Skip to main content

Star Trek FAQ 2.0


STAR TREK FAQ 2.0




Mark Clark (Applause Books 2013, Trade Paperback) 421 pages, illustrated and indexed $22.99 cover price

The latest in the outstanding series of informative FAQ pop culture guides from the Applause Books division of the Hal Leonard Corporation covers the roughly forty year period between the end of the original Star Trek series through the 2009 re-mount movie directed by J.J. Abrams. The focus is on two things: the Star Trek movies and the Star Trek: The Next Generation series. While the other spin-offs (Deep Space Nine, Voyager and Enterprise) are lightly covered, they are much more an 'oh by the way' aside.

Author Mark Clark clearly knows his Trek history, having written the original Star Trek FAQ book. Better yet, he does not mind shooting a phaser from the hip, either praising or damning the various episodes or movies. Things to avoid – Star Trek V: The Final Frontier and most of the first season of The Next Generation. Things to watch – Star Trek: The Wrath of Khan and season four of The Next Generation. Prepare your bowl of popcorn and set your remote accordingly.

While I might personally grouse about the short shrift given to Deep Space Nine, which I found to be the best-written of the thousands of hours of Trek products, it is better to have a complete history of the most-viewed series (The Next Generation) than a skimpy rush through them all. Fans of Klingons, Romulans and Ferengi (oh my!) will love this FAQ.

Comments

Popular posts from this blog

The Blocks by Karl Parkinson

The Blocks

Karl Parkinson (New Binary Press 2016, Trade Paperback) 274 pages, cover price N/A

There's a tremendous irony in our lives you know, and it is one as large and predominant as the oxygen we breathe yet equally as invisible, equally ignored; an irony as imperceptible as the blood within our veins that itself only comes to our notice when the skin breaks and the blood trickles free before we hide the wound with a bandage and secure the blood back where it belongs. That irony is this: Our most basic desire, expressed in equal parts of hope and fear, is that we want to continue to live. And why? Because we want our individual lives to be different than what they are.
Karl Parkinson's first novel, The Blocks is a mad, tragic, stylish and daring exploration into that self-same need to survive and yet to change. The Blocks of the title themselves are neither those of the prison nor a child's alphabet; at least not literally although the reader may rightly infer those meta…

Nutshell by Ian McEwan

Nutshell
Ian McEwan (Knopf Canada edition 2016, Hard Cover) 197 pages, $29.95 cover price
We have to talk about the concept first. Oh I had a long and lively internal debate about it, you can be sure of that. After all, all books have concepts that we accept without too much fuss – talking animals, sentient corpses, thought-filled trees, the whole Harrod's bought stuffed menagerie of Winnie the Pooh carrying on like a picnic gathering of the British Women's Institute with special invited guests from the Royal Society of St George – we accept all of those without too much fuss. I've even admitted to sniffing up a tear or two over The Brave Little Toaster, so if one can be moved by a bloody kitchen appliance then why not a sentient foetus as the central character of Ian McEwan's Nutshell?It probably won't surprise you that I have a theory to go with that, slightly more substantial than an amuse-bouche if not quite a meal in itself. My thinking is that we go with the ta…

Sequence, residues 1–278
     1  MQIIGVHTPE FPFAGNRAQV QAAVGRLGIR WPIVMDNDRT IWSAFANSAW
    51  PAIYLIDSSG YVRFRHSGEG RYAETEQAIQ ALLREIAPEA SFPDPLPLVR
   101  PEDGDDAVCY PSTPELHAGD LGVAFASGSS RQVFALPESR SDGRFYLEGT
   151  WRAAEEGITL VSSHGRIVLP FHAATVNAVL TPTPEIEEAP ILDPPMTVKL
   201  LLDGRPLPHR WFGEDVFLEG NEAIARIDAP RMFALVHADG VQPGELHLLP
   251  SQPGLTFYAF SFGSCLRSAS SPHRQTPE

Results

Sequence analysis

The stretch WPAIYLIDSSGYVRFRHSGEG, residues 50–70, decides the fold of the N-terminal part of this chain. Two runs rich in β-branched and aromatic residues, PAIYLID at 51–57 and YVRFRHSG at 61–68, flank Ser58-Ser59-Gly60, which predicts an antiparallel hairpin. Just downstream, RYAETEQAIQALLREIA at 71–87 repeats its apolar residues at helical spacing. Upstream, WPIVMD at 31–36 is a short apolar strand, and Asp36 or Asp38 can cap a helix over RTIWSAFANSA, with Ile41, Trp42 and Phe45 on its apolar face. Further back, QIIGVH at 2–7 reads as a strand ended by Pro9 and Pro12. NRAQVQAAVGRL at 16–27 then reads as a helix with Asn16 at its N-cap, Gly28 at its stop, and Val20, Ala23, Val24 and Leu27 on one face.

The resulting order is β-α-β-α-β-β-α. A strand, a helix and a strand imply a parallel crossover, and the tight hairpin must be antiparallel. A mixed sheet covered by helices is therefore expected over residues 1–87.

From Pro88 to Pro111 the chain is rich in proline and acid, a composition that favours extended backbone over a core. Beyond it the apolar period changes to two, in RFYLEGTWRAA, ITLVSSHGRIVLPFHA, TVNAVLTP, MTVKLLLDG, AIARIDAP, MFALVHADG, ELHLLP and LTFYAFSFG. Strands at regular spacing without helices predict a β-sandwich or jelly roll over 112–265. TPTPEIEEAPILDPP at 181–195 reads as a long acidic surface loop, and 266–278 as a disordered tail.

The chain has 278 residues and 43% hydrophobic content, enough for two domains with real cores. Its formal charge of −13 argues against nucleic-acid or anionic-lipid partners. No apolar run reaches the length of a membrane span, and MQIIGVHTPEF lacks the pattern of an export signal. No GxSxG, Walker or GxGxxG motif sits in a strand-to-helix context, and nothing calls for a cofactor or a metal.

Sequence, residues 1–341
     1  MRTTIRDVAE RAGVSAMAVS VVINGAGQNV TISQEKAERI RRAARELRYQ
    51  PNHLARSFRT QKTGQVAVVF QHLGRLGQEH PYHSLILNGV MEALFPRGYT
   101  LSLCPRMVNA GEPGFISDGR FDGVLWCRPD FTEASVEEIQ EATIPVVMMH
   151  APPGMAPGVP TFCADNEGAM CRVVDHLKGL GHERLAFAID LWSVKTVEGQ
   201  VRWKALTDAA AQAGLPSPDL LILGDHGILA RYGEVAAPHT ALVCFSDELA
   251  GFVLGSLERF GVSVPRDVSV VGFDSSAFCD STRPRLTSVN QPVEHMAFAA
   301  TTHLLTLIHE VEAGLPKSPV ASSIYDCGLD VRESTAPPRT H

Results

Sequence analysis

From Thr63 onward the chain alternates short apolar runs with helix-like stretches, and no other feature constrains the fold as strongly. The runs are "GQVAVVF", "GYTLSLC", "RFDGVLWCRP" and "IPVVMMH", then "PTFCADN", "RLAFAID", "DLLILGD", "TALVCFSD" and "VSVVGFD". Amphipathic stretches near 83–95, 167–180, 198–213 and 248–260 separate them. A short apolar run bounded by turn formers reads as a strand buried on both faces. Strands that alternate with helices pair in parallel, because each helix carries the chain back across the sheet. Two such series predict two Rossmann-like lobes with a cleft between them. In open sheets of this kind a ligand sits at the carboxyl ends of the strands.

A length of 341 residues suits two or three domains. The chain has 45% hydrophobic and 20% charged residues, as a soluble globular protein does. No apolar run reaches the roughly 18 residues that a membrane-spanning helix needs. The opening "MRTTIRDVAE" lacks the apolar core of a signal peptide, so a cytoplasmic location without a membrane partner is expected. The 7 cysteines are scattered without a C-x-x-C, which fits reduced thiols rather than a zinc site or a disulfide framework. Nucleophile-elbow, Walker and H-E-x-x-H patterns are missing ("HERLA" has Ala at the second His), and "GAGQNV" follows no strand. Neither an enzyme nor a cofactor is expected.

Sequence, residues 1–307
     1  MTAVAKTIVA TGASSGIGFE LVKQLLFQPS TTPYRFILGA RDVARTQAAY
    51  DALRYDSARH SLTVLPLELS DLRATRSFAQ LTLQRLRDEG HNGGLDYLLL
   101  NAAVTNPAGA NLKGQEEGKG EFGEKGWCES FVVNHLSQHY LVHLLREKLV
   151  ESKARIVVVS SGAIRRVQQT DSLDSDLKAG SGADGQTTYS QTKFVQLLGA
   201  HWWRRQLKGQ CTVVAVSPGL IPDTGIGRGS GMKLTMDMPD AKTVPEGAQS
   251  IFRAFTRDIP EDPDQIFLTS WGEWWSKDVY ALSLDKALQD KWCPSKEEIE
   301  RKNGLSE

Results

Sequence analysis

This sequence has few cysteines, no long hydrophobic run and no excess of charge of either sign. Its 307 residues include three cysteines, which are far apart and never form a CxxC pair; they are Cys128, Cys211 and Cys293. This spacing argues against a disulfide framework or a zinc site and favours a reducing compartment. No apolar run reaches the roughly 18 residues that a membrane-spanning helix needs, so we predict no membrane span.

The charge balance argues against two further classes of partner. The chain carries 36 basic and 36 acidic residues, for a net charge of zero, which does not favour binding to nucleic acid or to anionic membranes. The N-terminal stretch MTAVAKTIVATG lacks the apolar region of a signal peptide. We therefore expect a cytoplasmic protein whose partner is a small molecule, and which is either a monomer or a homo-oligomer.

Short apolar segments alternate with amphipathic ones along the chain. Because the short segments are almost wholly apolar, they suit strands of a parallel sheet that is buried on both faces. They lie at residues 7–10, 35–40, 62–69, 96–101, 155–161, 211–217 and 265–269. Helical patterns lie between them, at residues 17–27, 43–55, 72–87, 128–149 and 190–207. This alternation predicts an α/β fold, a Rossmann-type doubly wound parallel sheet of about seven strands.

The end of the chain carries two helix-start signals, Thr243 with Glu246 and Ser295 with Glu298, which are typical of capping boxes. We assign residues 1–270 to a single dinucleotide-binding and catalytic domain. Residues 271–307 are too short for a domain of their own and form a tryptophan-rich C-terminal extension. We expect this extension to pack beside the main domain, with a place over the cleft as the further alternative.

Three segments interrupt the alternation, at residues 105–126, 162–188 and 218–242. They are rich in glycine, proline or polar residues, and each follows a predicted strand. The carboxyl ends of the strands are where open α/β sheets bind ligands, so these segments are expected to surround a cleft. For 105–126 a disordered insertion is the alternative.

White and Red Cherries by Tanja Tuma

White and Red Cherries: A Slovenian Civil War Novel

Tanja Tuma (Self-published 2016, Trade paperback) 301 pages with glossary and bibliography, cover price n/a
It dawned on me like a thunder strikes a tree: this petite young girl embodies a mission, her reason to exist. Every one of us embodies his mission by what he does. We are what we do. Not chemical elements, but our deeds define our being. We are neither the faith we trust in God, nor the love we give and take. The least of what we are is the genetic code we get from our parents, which in turn lives on in our descendants. No. We are what we do at this moment in this bloody world. Our deeds can defy eternity. They can mirror our will and freedom forever. Those words are thoughts by the elderly Martin, born during the Second World War and raised by the partisan heroine Valeria Batič as her son, when his natural mother Ada quite literally tossed her baby from a train window to Valeria as the train pulled out for Vienna. Ada you see w…